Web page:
EGU2020-8355
https://doi.org/10.5194/egusphere-egu2020-8355
EGU General Assembly 2020
© Author(s) 2021. This work is distributed under
the Creative Commons Attribution 4.0 License.

Seasonal forecasting and the predictability of the rainy and dry seasons for Peru, Tanzania and India

Thomas Möller and Lydia Gates
Thomas Möller and Lydia Gates
  • Deutscher Wetterdienst, Hamburg, Germany (thomas.moeller@dwd.de)

With seasonal forecast models we investigate whether it is possible to give the people in Tanzania, Peru and India time to adapt and prepare to different weather conditions. In recent years, these countries have repeatedly experienced devastating droughts or floods, such as in East Africa in November 2019.

Under the framework of the research project EPICC (East Africa Peru India Climate Capacities) supported by the BMU (Federal Ministry for the Environment, Nature Conservation and Nuclear Safety), we aim to set up a seasonal forecast system. The goal is to make the data useful for the hydrologists at the project partner from PIK (Potsdam Institute for Climate Impact Research) for integration in a tool for adaption in local agriculture in the affected countries (India, Peru and Tanzania). In this study, we validate a number of variables of predicted anomalies in seasonal forecast models as well as of a multimodel product.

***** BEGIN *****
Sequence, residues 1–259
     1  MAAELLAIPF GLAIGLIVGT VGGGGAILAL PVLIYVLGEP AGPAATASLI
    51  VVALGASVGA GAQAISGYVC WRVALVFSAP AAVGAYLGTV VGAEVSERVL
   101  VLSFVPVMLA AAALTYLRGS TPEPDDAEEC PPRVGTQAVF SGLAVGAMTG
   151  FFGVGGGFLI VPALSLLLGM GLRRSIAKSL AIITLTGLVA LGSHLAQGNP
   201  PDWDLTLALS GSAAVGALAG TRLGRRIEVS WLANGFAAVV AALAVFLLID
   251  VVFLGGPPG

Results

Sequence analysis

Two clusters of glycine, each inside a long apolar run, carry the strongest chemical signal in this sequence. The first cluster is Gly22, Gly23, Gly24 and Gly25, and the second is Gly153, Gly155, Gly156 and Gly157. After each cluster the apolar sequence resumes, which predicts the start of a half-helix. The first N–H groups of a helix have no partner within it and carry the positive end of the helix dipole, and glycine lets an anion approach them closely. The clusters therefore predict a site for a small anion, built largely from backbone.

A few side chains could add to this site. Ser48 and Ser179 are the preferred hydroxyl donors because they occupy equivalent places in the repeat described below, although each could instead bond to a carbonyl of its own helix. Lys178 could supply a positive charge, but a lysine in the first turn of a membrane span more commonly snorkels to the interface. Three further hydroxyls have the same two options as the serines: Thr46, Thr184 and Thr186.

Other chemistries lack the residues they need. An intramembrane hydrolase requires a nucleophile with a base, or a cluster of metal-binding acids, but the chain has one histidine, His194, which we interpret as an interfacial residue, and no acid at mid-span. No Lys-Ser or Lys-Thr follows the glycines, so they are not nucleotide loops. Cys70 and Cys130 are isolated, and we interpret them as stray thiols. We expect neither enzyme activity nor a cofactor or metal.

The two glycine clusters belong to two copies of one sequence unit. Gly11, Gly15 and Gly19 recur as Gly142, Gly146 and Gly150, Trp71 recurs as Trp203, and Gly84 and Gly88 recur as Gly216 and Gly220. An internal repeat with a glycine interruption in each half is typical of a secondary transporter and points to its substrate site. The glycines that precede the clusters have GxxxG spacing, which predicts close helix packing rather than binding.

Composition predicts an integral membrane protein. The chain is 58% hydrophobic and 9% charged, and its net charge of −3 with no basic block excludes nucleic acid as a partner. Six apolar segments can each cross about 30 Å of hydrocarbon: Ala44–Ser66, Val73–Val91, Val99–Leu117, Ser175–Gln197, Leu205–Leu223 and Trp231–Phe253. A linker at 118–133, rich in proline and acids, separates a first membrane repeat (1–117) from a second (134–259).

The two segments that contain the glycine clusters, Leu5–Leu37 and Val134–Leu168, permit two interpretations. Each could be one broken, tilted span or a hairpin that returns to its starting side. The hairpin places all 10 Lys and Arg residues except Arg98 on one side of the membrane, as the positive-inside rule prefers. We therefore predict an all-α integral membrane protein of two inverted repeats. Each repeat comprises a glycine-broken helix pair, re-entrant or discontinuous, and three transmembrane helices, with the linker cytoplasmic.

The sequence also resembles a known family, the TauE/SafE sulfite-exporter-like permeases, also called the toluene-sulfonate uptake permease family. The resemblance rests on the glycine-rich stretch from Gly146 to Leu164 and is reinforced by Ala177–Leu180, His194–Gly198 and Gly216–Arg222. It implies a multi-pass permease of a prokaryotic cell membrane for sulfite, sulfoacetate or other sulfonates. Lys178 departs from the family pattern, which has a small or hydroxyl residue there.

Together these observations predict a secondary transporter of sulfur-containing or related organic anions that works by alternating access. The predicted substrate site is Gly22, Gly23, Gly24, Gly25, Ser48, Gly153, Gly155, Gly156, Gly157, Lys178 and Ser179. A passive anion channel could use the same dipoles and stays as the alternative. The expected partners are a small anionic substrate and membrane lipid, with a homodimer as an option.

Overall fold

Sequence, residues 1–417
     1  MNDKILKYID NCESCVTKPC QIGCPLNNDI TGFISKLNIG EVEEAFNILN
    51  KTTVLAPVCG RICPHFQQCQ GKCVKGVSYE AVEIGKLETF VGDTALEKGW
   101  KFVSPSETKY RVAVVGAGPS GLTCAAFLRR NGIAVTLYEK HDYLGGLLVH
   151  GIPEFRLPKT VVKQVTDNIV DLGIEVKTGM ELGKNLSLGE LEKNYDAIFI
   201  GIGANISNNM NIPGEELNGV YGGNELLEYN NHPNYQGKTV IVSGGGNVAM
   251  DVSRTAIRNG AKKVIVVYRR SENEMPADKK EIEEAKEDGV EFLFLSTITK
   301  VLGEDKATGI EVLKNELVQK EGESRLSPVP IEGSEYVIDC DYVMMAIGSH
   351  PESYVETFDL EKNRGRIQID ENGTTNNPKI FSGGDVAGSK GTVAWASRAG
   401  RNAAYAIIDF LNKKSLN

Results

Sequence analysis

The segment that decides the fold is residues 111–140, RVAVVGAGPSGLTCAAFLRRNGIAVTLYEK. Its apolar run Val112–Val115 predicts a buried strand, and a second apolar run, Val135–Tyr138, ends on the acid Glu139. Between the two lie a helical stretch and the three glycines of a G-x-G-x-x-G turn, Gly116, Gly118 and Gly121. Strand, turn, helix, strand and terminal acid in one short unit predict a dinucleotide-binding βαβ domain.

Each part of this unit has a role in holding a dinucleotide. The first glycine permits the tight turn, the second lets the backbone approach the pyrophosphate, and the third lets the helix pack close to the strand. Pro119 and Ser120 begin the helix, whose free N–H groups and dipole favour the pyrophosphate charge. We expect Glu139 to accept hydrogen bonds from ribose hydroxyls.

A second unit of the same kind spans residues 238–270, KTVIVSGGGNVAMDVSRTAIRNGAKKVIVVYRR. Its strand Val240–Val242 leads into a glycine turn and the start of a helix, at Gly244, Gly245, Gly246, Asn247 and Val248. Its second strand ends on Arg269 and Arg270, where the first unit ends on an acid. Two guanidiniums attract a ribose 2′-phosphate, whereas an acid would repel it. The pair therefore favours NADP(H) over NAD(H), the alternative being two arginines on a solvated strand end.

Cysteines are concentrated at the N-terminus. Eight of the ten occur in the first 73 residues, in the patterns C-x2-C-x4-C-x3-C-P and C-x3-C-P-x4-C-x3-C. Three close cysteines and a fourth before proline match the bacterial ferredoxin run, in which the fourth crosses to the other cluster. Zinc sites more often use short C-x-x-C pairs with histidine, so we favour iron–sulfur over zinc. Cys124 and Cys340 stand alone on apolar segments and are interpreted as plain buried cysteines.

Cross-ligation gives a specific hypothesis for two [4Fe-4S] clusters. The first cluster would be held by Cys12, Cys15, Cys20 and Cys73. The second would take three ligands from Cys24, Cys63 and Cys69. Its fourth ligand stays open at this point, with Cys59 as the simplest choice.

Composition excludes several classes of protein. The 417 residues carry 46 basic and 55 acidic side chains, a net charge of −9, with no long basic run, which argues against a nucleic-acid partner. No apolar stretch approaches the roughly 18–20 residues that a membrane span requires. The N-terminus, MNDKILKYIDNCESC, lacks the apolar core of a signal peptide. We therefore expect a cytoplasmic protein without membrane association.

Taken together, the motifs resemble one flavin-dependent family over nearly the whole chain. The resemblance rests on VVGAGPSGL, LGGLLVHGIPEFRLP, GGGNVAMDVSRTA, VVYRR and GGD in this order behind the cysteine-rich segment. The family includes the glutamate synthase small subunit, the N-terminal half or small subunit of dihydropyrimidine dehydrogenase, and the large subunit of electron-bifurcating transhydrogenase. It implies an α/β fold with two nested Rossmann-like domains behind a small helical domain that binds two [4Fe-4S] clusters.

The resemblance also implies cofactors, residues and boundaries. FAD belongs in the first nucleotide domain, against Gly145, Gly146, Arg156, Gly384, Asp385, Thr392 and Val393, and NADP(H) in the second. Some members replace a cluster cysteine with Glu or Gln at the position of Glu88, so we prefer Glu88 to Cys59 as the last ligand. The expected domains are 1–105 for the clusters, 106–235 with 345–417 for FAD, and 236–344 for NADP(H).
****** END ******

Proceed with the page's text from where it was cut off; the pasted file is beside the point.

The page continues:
There are different methods of seasonal predictability, based on slow variations of boundary conditions, coupled ocean-atmosphere model simulations as well as the concept of ensembles, multi-model ensembles and uncertainties. The focus in this study is on the intercomparison of the single models and the multimodel in a forecast range between 1 and 6 months. In particular, we investigate three-month mean deviation from the long-term mean. It is important for the population (especially for the agriculture industry) in the focus region to know whether in a certain period (rainy season, dry season, El Nino etc.) the next 3 months will be colder, warmer, drier or even wetter compared to the long-term mean.

Due to the fact, that various seasonal forecasting models perform differently, it is the challenge, to find the best fitting seasonal forecast model for each of the affected countries.

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